Which sector of the insurance market is growing really depends on the subregion of Africa. In South Africa, life insurance is growing and continues to have the greatest opportunity for growth. West Africa, on the other hand, will have the general insurance business growing faster because of ongoing development and foreign investments. In Muslim countries, the health insurance industry will exhibit slower growth because health management systems, where individuals are given a lump sum of money at the start of each year to use on medical expenses, are used rather than health insurance.
The factors that contribute to growth in the insurance market are financial stability, localization of policies, responding to the needs of the people, microinsurance, and increased channels of distribution. Financial stability means that reinsurance can take place, and if the policies are bought by other insurance companies within the same country, you have localization. Having up-to-date methods for payment and purchasing of policies means that people can easily buy insurance with their phones and computers. The increase in availability and ease of access will grow the market faster.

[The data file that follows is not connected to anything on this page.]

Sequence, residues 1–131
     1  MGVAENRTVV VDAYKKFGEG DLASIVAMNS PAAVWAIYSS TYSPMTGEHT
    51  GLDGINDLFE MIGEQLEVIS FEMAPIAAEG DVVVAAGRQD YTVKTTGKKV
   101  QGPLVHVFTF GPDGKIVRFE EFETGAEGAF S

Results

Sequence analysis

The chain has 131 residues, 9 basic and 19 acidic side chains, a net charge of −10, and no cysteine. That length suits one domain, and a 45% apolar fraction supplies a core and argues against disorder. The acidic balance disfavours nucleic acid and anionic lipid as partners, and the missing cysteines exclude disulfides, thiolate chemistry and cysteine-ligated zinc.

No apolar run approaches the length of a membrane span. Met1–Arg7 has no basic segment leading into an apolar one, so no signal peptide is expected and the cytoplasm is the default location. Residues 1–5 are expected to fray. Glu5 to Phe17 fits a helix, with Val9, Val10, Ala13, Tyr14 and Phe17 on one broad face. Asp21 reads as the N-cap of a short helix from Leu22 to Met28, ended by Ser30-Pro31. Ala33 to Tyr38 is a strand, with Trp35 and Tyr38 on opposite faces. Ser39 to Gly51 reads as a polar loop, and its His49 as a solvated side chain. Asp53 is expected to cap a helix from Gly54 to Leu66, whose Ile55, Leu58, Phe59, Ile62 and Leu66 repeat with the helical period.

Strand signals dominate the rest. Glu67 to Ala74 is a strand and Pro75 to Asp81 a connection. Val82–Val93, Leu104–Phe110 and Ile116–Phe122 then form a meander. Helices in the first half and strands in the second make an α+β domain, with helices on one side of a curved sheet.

What indicators should an international insurance company look for that indicates the market is ready for another company or that the market is ready to grow?
First, the company needs to consider the income of the target market. Second, it needs to see what new products or services it can bring in as “value-added” to the existing business opportunities. How can it improve upon that which is available within the market? Third, the liquidity of the market should be considered. Is money flowing in and out? If money is not flowing in both directions, “the economy is not buoyant enough to sustain a new entry.” Fourth, the country’s regulations must be considered. Will they be welcoming, or will they limit the amount of equity you can hold in the company? Some countries, like Sudan, have liberal policies and allow you to take everything in and out of the country. Others will limit the amount you can hold to as little as 20%; others will let you go as high as 40%. Fifth, the level of corruption and takeout must be considered. Any company that invests in a foreign country needs to consider its “exit moves.” If a country has a high level of corruption and companies are not allowed to have much equity, then the risk of investment may not be worthwhile. Last, the effectiveness of the legal system and institutions needs to be considered and whether they can effectively support the incoming investor.